Let me clarify: there is no excuse for government torture, wiretapping, or denial of rights. This is, or is supposed to be, a nation of laws. And that applies equally so to whistleblowers who seek to bring misconduct to light. Good government activists, advocates, and filmmakers do the public no favors by presenting one-sided accounts that omit, distort, or mischaracterize the rights and responsibilities that face whistleblowers in the course of committing the truth. I hope this film does nothing of the sort.

P.S. if an activist chooses to engage in non-violent disobedience, more power to him/her. There is a rich and storied history of civil disobedience in America to raise awareness and bring about change. But the key word is “choose.” Civil disobedience is not something that can be elected after ignorantly violating the law and then paying for it. The latter is simply propaganda.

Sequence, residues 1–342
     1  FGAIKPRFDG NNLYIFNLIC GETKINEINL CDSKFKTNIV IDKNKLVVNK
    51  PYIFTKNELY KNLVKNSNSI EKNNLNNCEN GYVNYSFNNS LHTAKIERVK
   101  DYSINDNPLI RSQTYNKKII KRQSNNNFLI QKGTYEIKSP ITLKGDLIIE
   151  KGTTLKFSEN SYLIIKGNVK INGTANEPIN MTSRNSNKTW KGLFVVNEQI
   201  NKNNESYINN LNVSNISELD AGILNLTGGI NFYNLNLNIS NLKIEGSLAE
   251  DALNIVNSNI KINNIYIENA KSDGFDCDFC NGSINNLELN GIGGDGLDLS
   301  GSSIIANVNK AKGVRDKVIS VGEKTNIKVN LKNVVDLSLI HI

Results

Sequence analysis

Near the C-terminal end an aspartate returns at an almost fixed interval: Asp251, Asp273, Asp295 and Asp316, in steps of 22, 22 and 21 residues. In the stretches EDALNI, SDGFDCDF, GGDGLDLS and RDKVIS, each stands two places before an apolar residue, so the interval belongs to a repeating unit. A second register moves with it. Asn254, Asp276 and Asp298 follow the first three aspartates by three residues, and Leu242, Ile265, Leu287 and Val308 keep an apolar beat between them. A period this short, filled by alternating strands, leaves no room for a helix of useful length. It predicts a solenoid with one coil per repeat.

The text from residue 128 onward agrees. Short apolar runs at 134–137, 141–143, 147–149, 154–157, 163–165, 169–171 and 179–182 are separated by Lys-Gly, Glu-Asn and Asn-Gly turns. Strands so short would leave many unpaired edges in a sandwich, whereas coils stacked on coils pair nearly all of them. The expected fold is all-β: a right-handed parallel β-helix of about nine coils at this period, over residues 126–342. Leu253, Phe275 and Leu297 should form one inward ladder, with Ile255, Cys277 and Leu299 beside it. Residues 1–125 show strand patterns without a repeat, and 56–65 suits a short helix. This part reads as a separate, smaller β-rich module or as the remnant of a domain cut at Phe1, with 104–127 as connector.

Thomas Drake and John Kiriakou: Martyrs for rule of law or avoidable casualties of a broken system?

8:40 pm in Uncategorized by MSPB Watch

What do Thomas Drake, John Kiriakou, and their representative in GAP, Jesselyn Radack, have in common?

None went to the Office of Special Counsel when they blew the whistle.

Does it matter? Would it have mattered?

If you were faced with a crisis of conscience at work – if your employer was torching the Constitution, what would you do? Exhaust all reasonable channels before going public? Rush to the nearest newspaper outlet? I’m all for the higher moral principle argument: breaking an unjust law to save the rule of law, especially when the arsonists suffer no consequences.